WHO prioritizes diabetes, cancer treatments in updated Essential Medicines lists

01 October 2021

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WHO has updated its model lists of essential medicines and essential medicines for children, adding 20 medicines for adults and 17 for children, in addition to new uses for 28 previously mentioned medicines.

Among the new additions are long-acting insulin analogues, their biosimilars and oral drugs for diabetes, antimicrobials for bacterial and fungal infections, and treatments for cancer and smoking cessation.

The WHO recently updated its list of essential medicines.
Source: Adobe Stock

The lists have been updated by an Expert Committee on the Selection and Use of Essential Medicines. Committee members reviewed 88 applications and then selected the most beneficial drugs that should be available and affordable to every patient. The updated lists mark the 21st edition of the list of drugs recommended for adults and the 7th edition for children.

The new essential drugs for diabetes include insulin degludec (Tresiba; Novo Nordisk), detemir (Levemir; Novo Nordisk), glargine (Toujeo; Sanofi) and their biosimilars, as well as human insulin and the SGLT2 inhibitors empagliflozin (Jardiance; Boehringer Ingelheim / Eli Lilly & Co.), canagliflozin (Invokana; Janssen) and dapagliflozin (Farxiga; AstraZeneca).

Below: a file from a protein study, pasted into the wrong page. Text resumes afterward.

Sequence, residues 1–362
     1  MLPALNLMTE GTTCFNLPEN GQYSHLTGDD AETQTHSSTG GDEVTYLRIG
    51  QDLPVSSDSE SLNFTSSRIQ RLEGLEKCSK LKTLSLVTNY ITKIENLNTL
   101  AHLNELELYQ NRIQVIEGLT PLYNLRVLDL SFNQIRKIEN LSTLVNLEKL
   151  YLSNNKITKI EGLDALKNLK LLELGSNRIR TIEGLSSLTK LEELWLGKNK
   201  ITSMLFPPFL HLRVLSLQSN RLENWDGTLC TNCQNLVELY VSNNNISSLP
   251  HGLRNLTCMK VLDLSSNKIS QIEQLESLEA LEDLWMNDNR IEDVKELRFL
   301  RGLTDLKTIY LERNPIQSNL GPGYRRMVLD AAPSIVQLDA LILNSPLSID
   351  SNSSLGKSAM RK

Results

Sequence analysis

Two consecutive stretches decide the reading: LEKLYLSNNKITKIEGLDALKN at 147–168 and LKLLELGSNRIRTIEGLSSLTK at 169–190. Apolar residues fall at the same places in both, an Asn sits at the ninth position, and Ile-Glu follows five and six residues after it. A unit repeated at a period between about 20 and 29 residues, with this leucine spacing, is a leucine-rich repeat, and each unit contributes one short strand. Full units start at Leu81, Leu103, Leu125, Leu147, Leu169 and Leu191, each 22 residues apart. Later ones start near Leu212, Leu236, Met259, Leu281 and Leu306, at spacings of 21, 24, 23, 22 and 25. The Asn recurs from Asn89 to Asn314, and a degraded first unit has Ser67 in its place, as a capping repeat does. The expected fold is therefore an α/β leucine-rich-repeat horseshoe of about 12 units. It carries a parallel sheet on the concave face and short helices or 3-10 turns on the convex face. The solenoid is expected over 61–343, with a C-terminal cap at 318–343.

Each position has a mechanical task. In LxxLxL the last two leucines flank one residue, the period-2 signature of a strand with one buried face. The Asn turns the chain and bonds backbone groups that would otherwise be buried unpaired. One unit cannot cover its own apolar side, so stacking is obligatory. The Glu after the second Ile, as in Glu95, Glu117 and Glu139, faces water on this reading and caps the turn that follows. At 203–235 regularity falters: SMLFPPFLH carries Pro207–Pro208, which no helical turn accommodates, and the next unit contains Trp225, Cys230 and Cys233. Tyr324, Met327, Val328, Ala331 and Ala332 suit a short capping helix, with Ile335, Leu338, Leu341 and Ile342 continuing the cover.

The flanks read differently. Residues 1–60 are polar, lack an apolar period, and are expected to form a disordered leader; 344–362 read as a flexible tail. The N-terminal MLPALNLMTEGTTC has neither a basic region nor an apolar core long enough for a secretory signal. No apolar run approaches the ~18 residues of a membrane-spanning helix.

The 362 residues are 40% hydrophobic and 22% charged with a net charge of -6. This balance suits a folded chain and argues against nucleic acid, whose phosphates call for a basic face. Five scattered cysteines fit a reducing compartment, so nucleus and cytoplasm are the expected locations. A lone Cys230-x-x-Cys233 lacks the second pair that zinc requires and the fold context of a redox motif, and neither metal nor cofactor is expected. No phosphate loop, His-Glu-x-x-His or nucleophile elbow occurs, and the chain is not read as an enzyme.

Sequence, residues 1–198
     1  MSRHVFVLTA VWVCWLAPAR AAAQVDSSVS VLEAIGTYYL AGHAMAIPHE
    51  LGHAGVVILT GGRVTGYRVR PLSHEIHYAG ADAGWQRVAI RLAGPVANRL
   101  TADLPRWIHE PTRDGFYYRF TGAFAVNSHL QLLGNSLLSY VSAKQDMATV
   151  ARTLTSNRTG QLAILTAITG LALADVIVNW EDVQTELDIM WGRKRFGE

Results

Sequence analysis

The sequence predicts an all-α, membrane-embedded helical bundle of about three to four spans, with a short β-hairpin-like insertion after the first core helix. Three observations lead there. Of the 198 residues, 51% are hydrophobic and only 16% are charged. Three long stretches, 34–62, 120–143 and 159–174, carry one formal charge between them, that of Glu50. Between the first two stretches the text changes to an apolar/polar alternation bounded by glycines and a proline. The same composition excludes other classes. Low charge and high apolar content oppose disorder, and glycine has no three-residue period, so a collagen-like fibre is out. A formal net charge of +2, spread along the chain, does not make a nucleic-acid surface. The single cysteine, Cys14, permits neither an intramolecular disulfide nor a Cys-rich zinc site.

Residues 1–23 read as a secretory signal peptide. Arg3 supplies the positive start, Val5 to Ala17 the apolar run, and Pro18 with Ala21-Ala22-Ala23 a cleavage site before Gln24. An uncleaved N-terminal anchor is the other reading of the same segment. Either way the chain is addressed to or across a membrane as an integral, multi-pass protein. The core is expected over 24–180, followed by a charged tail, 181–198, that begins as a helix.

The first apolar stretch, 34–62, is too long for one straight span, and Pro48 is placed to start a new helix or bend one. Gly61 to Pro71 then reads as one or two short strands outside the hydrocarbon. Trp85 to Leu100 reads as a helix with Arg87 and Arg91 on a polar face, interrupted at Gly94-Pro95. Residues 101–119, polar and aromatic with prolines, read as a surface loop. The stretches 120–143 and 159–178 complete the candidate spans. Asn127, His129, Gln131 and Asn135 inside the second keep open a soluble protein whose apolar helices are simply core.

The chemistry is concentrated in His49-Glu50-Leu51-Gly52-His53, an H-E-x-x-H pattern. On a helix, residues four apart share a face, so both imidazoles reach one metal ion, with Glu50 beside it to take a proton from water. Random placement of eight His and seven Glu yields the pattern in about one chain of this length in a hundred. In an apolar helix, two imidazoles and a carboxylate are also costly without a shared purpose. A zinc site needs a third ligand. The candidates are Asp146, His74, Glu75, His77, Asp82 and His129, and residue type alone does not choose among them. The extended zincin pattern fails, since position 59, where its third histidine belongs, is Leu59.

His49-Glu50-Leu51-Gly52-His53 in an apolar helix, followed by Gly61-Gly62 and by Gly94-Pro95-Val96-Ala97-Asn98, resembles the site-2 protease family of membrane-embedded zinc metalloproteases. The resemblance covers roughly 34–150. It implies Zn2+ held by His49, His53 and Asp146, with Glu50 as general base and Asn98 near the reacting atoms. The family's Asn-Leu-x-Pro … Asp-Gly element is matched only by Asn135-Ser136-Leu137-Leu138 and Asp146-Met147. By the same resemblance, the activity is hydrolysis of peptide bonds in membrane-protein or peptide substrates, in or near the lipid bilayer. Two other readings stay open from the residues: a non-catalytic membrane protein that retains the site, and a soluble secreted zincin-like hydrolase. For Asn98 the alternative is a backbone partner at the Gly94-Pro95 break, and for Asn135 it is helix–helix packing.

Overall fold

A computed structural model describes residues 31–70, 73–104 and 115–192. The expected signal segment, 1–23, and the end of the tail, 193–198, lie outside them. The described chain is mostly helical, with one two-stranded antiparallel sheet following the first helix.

“Diabetes is on the rise worldwide and is accelerating in low- and middle-income countries,” WHO Director-General Tedros Adhanom Ghebreyesus, PhD, MSc, according to a WHO press release. “Too many people who need insulin are experiencing financial difficulties accessing or going without insulin and lose their lives. The inclusion of insulin analogues in the list of essential medicines, coupled with efforts to ensure affordable access to all insulin products and expand the use of biosimilars, is an essential step to ensure that everyone who needs this life-saving product has access to it.”

Essential drugs for various cancers include enzalutamide (Xtandi; Astellas, Pfizer), everolimus (Afinitor, Novartis), ibrutinib (Imbruvica; Janssen, Pharmacyclics), and rasburicase (Elitek; Sanofi). Other cancer treatments were not recommended, according to the release, due to high prices, uncertain benefits, or management issues in a resource-poor environment.

For infectious diseases, the WHO has recommended cefiderocol, echinocandin antifungals and monoclonal antibodies for the prevention of rabies. These are the first monoclonal antibodies to be added to the Model Lists for an infectious disease, the WHO said.

Also, two non-nicotine-based drugs – bupropion and varenicline – were added as nicotine replacement therapies for smoking cessation.

A total of 479 drugs for adults and 350 drugs for children are now considered essential to meet public health needs, according to the release. The lists are updated every 2 years.

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